If you go down to the woods today – you’d better bring a camera.
To mark International Day of Forests (March 21), we’ve rounded up the most exquisite woodland the world has to offer.
Forget the Amazon – these fantastical forests will have you barking up all the right trees. Put them on your ‘to see’ list, once we can all start exploring again.
Jiuzhaigou Valley, China
Remote, and barely accessible until the 1980s, this sprawling Chinese woodland has UNESCO World Heritage Site status for its extraordinary plant diversity, and its population of giant pandas. The vast array of species means that come autumn the landscape turns (almost) every colour of the rainbow.
Redwood National Park, USA
In America, size matters, and these giant Californian redwoods are quite literally as big as they come. Best in class is Hyperion, a 115 metre monolith that’s officially the world’s tallest living tree. Above the canopy it stands on the shoulders of giants, but from the forest floor it’s just another trunk.
Arashiyama Bamboo Forest, Japan
Soaring stalks of bamboo blend into a shimmering wall of green in this bamboo grove just outside Kyoto, Japan. The forest is famous for its visuals, but a moment of stillness reveals a steady, undulating rustling, not unlike waves lapping on a beach.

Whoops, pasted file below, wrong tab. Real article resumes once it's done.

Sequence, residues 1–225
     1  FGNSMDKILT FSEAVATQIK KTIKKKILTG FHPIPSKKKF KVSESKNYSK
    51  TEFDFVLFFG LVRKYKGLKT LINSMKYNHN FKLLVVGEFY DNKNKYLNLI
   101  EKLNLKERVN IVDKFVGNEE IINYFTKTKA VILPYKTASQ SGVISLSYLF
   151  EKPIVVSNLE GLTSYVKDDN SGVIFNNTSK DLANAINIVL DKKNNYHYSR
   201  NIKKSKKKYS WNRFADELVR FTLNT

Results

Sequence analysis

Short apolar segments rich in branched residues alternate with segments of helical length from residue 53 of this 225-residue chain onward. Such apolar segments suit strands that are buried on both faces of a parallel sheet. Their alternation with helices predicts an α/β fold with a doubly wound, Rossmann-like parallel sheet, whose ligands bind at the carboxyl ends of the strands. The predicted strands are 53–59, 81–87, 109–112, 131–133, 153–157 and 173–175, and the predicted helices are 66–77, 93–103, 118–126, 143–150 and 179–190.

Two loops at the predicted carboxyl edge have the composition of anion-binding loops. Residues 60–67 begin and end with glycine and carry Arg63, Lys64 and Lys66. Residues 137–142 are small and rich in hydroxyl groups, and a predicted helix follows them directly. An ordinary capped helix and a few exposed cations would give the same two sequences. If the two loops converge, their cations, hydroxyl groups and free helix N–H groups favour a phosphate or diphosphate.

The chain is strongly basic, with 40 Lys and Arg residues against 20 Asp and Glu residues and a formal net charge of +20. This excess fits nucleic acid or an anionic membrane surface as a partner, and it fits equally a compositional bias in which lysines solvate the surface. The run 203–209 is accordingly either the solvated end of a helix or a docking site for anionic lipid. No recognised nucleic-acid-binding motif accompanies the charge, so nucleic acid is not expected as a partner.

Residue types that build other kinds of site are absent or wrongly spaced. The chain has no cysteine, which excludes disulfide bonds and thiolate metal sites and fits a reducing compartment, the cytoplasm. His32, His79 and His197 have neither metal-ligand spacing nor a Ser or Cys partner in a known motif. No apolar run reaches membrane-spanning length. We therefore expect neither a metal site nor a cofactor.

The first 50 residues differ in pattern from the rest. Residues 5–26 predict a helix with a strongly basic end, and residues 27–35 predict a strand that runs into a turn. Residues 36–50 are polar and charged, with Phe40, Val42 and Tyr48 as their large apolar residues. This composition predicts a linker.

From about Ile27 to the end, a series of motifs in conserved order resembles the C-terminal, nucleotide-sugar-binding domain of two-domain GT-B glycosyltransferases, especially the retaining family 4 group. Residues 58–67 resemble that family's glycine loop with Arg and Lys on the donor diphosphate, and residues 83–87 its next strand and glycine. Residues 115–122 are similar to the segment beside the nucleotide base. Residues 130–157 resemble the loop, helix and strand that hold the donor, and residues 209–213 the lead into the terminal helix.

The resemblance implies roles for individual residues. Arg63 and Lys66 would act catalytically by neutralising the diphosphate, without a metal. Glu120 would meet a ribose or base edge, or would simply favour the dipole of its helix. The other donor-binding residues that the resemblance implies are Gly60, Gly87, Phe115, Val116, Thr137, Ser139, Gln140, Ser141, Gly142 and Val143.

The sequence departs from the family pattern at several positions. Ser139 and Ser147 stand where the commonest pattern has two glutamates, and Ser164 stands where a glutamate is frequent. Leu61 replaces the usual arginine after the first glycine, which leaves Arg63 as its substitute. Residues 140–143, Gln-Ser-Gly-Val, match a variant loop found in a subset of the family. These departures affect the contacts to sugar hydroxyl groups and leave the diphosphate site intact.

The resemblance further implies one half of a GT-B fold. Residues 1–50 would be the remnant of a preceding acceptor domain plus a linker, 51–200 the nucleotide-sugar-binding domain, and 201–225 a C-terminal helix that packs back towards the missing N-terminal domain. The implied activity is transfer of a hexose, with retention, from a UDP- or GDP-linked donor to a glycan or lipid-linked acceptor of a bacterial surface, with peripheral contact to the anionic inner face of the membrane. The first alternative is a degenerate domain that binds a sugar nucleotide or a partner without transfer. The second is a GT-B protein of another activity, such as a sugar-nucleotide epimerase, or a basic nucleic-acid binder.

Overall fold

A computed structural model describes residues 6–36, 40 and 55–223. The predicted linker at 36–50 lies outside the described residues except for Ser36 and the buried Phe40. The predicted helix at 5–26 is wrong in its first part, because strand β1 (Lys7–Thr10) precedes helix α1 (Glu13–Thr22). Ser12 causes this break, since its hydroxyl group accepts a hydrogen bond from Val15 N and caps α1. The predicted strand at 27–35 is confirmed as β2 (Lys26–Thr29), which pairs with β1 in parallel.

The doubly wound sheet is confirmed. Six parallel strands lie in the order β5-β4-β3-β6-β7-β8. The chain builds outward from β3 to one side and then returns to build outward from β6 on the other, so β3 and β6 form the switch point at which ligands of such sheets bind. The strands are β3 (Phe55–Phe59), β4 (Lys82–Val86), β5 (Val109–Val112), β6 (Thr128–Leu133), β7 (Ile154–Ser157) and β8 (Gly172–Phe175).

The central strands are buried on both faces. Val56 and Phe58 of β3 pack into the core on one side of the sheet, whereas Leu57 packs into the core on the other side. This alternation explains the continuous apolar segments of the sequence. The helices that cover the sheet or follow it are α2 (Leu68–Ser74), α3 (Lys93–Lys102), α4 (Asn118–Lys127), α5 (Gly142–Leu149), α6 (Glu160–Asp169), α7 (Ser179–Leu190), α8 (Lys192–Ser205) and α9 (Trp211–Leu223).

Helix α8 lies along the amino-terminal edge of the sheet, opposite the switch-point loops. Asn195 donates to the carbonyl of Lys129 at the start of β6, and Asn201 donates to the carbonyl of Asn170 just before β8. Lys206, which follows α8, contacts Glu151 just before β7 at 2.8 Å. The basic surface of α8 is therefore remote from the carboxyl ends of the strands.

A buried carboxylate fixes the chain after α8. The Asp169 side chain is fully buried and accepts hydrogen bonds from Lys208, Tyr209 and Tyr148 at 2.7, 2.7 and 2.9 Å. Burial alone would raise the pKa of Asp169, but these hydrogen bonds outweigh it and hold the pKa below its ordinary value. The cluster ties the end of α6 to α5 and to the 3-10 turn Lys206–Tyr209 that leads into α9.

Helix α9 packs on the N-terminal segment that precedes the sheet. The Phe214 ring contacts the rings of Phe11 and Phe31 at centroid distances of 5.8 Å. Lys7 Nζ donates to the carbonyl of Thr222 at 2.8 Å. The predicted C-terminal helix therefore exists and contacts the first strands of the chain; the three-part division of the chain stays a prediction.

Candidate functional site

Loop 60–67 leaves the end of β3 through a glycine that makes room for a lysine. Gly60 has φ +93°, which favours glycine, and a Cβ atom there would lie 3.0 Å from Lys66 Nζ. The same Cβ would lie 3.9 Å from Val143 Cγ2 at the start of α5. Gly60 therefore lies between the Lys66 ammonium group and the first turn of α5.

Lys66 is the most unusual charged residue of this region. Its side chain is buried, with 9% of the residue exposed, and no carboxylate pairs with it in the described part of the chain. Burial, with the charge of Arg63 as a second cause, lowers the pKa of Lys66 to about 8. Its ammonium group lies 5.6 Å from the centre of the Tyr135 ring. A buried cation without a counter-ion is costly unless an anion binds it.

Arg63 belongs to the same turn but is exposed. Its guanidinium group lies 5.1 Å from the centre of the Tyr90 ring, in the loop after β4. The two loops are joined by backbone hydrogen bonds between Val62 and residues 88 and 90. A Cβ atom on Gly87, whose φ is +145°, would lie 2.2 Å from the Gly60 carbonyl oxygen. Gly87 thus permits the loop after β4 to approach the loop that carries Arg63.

Daintree Rainforest, Australia
An ancient rainforest in Northern Australia, Daintree combines our two favourite ecosystems, as the dense tropical foliage leads directly into miles of pristine beach. Keep an eye out for the cassowary, a flightless bird so elusive locals apparently buy lottery tickets if they see one.
Dragon’s Blood Island, Yemen
The barren desert island of Socotra is just about the last place you’d expect to find a forest, but the endemic dragon’s blood trees rise from the rock like an array of alien parasols. The bizarre-looking species is named for its deep crimson resin, which is used for everything from pottery glue to toothpaste.
Cloud Forest, Costa Rica
The world contains several cloud forests – mountainous jungles veiled in layers of mist – but none so justly famous as those in Monteverde, Costa Rica. A network of rope bridges criss-crosses the canopy, lending tourists a bird’s eye view of the region’s stunning biodiversity, from birds and big cats to Costa Rica’s famous red-eyed tree frog.
Black Forest, Germany
Awash with ruined castles and Grimms’ fairy tales, the Black Forest in South Germany is renowned for its dense canopy, plunging landscape, and delightfully Gothic atmosphere. If you see a gingerbread house – do not enter.